San Francisco is a city of haves and have-nots when it comes to nutrition
Antonia Williams is part of a slow, quiet food revolution. After battling obesity for much of her adult life, the 26-year-old lifelong Bayview resident did some research. "I realized it had a lot to do with the food I consumed," she told us. "As a result of growing up in the neighborhood, I suffer from obesity. I'm overweight because of the lack of options for good healthy food."
"It's what I grew up on, McDonald's and a lot of fried food for dinner," she recalls. "The grocery stores in the area were very limited in what they offered. I believe my parents weren't as educated or aware" about health and nutrition.
Williams managed to escape this bad foods trap, change her personal diet, and now works as a "food guardian" for the nonprofit Southeast Food Access (SEFA), helping to bring more nutritious fare to the Bayview.
The complex of challenges Williams faced simply to eat well—the fast food all around her, the dearth of grocery stores, and lack of awareness—reflects the array of systemic barriers to good food that keep tens of thousands of San Franciscans in chronically poor health.
Under the weight of recession and double-digit unemployment, San Francisco's chronic food divide has grown deeper and wider. From regions of the city like Bayview, Excelsior, and other Southeast neighborhoods, to seniors surviving on marginal fixed incomes, to the city's swelling unemployed and underemployed who rely on food pantries, access to fresh food is a daily geographic and economic battle.
Roughly one in five San Franciscans each day has no reliable source of adequate sustenance and must scramble for food from soup kitchens, food pantries, or other "emergency" supplies that have become a structural part of the city's food system, according to the San Francisco Food Bank.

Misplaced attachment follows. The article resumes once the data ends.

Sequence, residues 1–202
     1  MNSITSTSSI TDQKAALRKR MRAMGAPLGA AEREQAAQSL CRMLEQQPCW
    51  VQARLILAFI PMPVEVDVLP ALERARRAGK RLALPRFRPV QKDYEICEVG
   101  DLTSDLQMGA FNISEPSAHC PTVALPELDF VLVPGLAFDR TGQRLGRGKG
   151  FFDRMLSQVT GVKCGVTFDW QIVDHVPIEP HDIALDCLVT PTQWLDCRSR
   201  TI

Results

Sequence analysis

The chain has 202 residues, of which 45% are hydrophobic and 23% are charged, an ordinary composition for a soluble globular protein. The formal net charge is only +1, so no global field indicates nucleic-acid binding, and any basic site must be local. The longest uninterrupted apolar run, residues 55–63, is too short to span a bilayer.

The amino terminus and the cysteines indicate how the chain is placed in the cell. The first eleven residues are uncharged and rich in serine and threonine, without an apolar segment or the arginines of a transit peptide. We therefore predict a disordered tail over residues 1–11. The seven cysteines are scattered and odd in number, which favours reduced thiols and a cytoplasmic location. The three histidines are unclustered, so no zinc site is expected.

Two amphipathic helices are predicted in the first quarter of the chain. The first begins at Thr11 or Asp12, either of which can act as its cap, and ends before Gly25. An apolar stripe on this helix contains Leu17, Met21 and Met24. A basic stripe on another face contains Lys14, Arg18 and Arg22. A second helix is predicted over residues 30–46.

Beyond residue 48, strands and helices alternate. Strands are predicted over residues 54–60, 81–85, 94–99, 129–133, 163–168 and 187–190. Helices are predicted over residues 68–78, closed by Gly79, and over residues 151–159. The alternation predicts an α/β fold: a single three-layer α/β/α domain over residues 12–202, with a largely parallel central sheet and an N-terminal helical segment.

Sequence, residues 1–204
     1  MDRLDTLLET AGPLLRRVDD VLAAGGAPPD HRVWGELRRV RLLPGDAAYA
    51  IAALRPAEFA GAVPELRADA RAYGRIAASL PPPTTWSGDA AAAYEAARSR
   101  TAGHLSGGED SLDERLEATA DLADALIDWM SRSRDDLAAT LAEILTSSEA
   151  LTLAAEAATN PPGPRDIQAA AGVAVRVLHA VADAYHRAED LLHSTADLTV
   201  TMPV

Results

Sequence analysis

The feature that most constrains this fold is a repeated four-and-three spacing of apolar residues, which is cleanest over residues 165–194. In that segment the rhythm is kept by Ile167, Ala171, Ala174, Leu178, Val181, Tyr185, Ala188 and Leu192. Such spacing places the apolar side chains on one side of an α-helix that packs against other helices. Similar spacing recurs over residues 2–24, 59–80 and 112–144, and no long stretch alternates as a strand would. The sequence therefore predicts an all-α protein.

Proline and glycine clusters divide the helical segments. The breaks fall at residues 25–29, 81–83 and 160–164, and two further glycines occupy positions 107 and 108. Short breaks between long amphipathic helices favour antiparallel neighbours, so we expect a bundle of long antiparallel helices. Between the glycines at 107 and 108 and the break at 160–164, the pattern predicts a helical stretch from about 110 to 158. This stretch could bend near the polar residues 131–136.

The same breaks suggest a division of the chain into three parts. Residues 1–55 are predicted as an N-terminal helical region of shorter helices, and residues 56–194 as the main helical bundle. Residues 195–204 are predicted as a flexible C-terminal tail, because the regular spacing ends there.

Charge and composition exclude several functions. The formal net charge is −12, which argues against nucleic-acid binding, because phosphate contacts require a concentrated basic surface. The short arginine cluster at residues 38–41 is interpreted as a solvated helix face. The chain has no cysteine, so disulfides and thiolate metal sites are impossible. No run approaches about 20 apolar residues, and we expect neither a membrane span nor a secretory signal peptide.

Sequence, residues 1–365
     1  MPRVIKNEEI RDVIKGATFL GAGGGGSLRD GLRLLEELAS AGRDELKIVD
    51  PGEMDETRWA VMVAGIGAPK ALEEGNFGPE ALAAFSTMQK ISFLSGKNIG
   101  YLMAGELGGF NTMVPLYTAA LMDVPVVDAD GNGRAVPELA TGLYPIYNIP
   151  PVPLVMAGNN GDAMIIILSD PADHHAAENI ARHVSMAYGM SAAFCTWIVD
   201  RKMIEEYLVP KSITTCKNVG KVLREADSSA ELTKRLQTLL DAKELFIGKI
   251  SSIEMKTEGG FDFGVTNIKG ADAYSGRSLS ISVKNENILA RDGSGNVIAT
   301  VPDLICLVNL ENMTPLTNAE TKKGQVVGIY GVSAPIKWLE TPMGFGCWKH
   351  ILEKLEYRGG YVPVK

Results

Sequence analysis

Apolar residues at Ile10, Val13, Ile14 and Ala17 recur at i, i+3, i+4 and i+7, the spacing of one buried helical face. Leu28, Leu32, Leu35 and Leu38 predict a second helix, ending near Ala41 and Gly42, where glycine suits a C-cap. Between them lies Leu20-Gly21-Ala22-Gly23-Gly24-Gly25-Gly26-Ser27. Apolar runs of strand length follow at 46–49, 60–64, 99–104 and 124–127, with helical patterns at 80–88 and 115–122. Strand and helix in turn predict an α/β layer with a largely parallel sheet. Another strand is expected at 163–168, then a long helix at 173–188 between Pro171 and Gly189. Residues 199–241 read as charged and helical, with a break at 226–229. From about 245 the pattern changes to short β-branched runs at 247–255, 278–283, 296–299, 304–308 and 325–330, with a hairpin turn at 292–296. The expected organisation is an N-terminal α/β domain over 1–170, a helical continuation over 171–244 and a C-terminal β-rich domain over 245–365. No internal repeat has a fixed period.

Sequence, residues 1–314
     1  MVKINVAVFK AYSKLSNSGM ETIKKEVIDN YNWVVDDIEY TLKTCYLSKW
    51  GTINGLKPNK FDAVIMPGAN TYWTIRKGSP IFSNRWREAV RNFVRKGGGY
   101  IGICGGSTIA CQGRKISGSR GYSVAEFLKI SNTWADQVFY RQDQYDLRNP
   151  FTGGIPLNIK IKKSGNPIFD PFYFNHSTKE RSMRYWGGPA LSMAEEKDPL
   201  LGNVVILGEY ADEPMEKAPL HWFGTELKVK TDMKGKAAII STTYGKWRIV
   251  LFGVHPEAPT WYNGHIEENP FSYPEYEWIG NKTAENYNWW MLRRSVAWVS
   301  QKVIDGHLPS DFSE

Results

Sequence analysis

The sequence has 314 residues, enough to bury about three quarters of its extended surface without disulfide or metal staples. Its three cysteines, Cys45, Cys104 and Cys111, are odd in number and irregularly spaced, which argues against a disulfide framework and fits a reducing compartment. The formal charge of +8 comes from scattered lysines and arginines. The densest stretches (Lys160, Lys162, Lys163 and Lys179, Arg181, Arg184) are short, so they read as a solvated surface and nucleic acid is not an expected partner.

Each month, more than 100,000 families rely on the Food Bank to help feed themselves — nearly double the amount from 2006. Economic recession has dramatically increased the number of city residents using food stamps (known as "CalFresh") each month, rising from 29,008 in 2008 to 44,185 in 2010.
Yet even that rise belies a far deeper need: only 47 percent of those qualifying for CalFresh are actually accessing benefits, according to a data analysis by California Food Policy Advocates; at minimum, more than 40,000 additional city residents are entitled to get this help, and thus eat better.
Across the city, parallel economic and food divides compound one another, spelling serious trouble for people's basic nutrition and health — in turn depleting their energy, cognition, and ability to do everything from succeeding in school to getting a job.
BEYOND GROCERY STORES
In Bayview, where poverty and unemployment run about double citywide averages, these geographic and economic food divides come to a head. District 10, encompassing Bayview/Hunters Point (BVHP), features some of the city's most grocery-impoverished neighborhoods, and has the highest rates of CalFresh usage.
This confluence of lack and need—compounded by a prevalence of fast food and liquor stores over fresh food offerings—has inspired Antonia Williams and other residents to fight for better food in their neighborhoods.
As one of four paid Food Guardians for SEFA, Williams spends about 20 hours a week examining grocery store shelves in Bayview, talking with consumers and food retailers, and educating both about the need for more fresh non-processed foods.
One recent victory: armed with customer survey data, she convinced the Bayview Foods Co. to stock low-sodium tomato paste. Next on Williams' food improvement list is getting more low-sodium products, less cholesterol, and more fiber on the shelves.
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